Ridiculous storylines, crazy behaviour, outlandish plot twists, a collection of grotesque characters unlike anyone you would ever encounter in real life…it could only be the world of the soap opera.
Or could it? This might give Kenneth Branagh and Judi Dench an apoplectic fit, but the works of Shakespeare are every bit as outrageous, implausible and demented as the best (or worst) soap script. Now, this isn’t to say that they’re not also profound, lyrical meditations on the human condition, because the Bard’s plays clearly are.
But purely from the perspective of plot, Shakespeare’s plays are the Elizabethan equivalent of the modern-day soap: hectic, ludicrous and thoroughly entertaining. They were dramatic pot-boilers before pot-boilers – and possibly even pots – were invented.
As our English teachers were wont to say, examine the textual evidence. Hamlet is a lurid Oedipal melodrama. Romeo and Juliet is a Home and Away-style teen romance with added poetry. King Lear and his daughters form the classic dysfunctional soap family. Antony and Cleopatra features the most fantastical suicide ever (death by poisonous snake bite, in case you were wondering).
Shakespeare was the Coronation Street or Dallas of his day, with enough excitement, romance, laughter, tragedy and emotional meltdowns to sate the appetite of the greediest soap addict. But what would it be like to combine the two? Well, let’s find out. Oh players, play on…
‘Hamlet in an EastEnders style’
Act I, Scene I
It is wicked cold at the battlements of Elsinore Castle, innit? And the ghost of Hamlet’s old man appears or whatever, and he’s all like, ‘Ooh, tell me son I was murdered, innit’, and Hamlet finds out and he is well pissed off.
Act II, Scene II
So Hamlet is standing wiff a piece of a skull in his hand what is well gross innit, and he’s thinking about stuff. He’s, like, deep or whatever?
HAMLET: Oy, Horatio. You ever wondered about, like, wot a piece of work is man and that? Iss all, like, noble in reason and infinite in faculty, innit? A bit like Superman or sumfink. Or, like, Paxman wot does Universally Challenged. He’s well clever, inney?
HORATIO: Leave it aaht, ya plonkah.
They shout at each other for ten minutes, then go for a pint of laaaw-gaah.
Act III, Scene I
I reckon Hamlet knows at this stage abaaht the old man being done in and, like, his conniving mum and that, wot he sort of fancies and all, the dirty little monkey. So he’s all, ‘Ooh, wot am I to do?’ or whatever. Just do sumfink, ya useless git!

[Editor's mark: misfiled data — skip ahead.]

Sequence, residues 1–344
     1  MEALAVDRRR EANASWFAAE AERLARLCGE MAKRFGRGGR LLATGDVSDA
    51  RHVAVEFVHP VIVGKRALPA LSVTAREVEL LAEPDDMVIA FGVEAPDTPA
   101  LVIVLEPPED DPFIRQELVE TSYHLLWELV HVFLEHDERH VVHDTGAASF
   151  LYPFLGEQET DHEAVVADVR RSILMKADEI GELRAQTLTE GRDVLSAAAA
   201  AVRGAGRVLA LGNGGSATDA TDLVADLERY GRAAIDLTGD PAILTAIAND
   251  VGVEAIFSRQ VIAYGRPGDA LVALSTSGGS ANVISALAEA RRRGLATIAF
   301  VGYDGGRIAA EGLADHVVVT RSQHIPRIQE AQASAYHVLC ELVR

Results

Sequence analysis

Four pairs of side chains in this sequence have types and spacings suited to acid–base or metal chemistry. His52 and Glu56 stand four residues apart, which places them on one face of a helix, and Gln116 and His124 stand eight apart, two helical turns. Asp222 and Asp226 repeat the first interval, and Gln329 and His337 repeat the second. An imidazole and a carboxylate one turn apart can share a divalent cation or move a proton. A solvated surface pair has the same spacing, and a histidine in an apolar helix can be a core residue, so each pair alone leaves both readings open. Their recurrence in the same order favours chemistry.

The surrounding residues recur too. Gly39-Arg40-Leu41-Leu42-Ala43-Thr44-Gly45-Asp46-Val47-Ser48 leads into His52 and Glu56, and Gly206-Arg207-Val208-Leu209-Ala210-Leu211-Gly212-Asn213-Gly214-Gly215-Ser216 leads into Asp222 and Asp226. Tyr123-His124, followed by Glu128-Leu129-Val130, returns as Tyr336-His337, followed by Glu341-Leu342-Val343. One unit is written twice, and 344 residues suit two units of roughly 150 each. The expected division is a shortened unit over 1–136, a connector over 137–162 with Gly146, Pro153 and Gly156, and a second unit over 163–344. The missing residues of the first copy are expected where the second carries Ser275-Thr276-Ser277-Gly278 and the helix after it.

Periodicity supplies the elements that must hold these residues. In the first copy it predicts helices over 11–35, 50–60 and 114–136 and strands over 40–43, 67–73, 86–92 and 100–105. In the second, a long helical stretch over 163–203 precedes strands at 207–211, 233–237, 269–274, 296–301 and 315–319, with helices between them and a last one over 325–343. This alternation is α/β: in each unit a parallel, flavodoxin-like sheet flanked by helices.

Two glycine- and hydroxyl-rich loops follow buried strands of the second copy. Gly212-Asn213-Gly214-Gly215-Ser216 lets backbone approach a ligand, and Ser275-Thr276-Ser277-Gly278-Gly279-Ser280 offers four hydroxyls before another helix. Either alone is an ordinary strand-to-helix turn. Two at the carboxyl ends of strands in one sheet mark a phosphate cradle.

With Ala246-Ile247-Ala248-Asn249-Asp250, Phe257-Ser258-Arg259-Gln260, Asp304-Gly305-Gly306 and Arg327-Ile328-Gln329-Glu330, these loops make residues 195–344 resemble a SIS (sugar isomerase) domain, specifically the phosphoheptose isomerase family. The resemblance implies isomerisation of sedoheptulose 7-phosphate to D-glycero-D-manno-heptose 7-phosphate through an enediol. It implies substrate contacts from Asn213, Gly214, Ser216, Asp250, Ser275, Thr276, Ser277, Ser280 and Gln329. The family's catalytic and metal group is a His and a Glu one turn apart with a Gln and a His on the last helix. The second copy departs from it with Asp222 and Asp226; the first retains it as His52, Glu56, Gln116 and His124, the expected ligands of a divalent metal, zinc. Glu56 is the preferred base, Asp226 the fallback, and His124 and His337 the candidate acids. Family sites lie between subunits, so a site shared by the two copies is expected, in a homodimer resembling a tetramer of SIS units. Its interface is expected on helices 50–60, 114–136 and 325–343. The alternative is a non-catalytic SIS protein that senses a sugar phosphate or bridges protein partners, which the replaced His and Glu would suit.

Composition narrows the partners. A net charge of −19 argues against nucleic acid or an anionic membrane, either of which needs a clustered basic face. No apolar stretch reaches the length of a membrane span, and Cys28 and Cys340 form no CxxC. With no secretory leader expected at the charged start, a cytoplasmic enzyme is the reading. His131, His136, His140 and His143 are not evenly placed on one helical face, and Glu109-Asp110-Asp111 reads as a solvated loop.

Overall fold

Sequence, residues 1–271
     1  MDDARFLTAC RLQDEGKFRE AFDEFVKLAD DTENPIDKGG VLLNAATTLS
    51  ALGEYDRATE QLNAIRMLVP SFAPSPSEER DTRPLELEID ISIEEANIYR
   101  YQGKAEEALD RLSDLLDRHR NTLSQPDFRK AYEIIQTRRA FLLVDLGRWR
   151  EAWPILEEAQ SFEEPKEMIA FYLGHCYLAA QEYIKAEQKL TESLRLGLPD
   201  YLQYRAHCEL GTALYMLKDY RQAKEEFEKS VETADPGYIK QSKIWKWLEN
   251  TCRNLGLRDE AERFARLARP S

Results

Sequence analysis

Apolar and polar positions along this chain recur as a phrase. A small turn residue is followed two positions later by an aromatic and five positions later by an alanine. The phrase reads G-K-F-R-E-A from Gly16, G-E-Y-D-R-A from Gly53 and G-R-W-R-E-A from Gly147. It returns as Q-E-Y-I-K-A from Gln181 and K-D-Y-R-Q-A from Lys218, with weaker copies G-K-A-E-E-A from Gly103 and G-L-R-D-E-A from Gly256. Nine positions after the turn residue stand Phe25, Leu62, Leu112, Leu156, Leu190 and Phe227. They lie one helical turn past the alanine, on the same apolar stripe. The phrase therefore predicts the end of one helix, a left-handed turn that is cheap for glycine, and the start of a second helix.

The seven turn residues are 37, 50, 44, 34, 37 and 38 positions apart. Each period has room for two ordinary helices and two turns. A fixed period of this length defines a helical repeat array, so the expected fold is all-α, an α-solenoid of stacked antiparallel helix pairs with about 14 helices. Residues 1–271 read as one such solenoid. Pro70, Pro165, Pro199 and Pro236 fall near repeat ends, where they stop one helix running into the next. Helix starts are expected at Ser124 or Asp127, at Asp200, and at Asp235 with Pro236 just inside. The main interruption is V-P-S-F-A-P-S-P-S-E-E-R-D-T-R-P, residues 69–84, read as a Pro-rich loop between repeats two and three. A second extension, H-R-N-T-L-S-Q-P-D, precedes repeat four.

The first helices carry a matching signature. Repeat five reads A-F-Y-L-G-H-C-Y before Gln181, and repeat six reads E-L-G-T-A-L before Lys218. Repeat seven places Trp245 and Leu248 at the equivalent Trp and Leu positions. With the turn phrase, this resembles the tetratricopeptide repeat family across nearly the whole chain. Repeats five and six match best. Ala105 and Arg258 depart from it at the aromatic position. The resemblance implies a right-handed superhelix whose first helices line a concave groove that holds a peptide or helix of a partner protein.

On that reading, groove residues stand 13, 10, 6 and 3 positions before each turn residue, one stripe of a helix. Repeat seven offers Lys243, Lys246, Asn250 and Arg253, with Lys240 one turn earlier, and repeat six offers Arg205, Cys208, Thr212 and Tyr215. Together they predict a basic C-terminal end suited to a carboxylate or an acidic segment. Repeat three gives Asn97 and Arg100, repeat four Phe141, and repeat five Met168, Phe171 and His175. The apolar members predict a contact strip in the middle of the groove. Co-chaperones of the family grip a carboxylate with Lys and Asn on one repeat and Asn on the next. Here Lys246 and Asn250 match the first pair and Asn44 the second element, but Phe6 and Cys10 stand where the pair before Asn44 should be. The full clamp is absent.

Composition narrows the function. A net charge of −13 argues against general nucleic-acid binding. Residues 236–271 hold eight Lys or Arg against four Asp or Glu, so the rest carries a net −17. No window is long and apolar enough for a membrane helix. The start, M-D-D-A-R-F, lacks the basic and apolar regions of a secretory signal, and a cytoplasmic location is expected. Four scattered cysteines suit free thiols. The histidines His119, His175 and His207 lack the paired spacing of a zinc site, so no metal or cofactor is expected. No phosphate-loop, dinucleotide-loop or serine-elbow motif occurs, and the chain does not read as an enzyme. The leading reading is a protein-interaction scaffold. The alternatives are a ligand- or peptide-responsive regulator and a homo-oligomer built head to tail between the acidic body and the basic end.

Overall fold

HAMLET: Well, what I’ve gotter ask meself is, to be or, like, not to be? Wevver it is nobler in the old grey matter to put up wiff all this palaver, or should I, like, take arms against a sea of troubles, innit?
OPHELIA: ’Allo, my daahlin’. Wotchoo doin’ there, talking to yourself? You’ve gone stupid in the head, innit!
HAMLET: Shove orf, ya slaaaaag! You ain’t even meant to be in this scene!
They shout at each other for fifteen minutes, before Ophelia storms off to begin a secret affair with Ian Beale. Hamlet gives an extravagant yawn.
HAMLET: I am well tired, innit. I could do wiff a bit of kip or whatever; to sleep, perchance to dream. Yeah, there’s the rub and that.
Hamlet lies daahn in one of the fruit and veg stalls for a kip, and has right ’orrible dreams of one day being played on film by Mel Gibson. He awakes wiff a start, and sets off to end this, once and for all…just like Mel would do. Ooh, he’s handsome, inney? Bit of a nutter and all, though.
The final act, final scene
I fink everyone is dead by now, except maybe the extras what they use for crowd scenes and that. It all got well confusin’ there for a while, but I fink I ’ave it all worked aaaht now. Ophelia went mad about her old man dying and gone and drownded herself or sumfink, and Hamlet, like, stuck a knife in some old fart wot was hidin’ in the curtains and all that, and Rosenthingie and Guilderwhatever is dead too. And then some more people was stabbed or poisoned or whatever, and I don’t know wot’s goin’ on no more.
Anyways, Hamlet is lying on the graaahnd, philosophising, which ain’t much good when you’re bleeding to deff, innit? Be better off callin’ a doctor or sumfink.
HAMLET: Bloody ’ell, it’s all gone Pete Tong, innit? But it’s me own fault – I should have acted earlier and that. But I just couldn’t be bovvered, really.
He dies or whatever. Close curtain. The end, innit.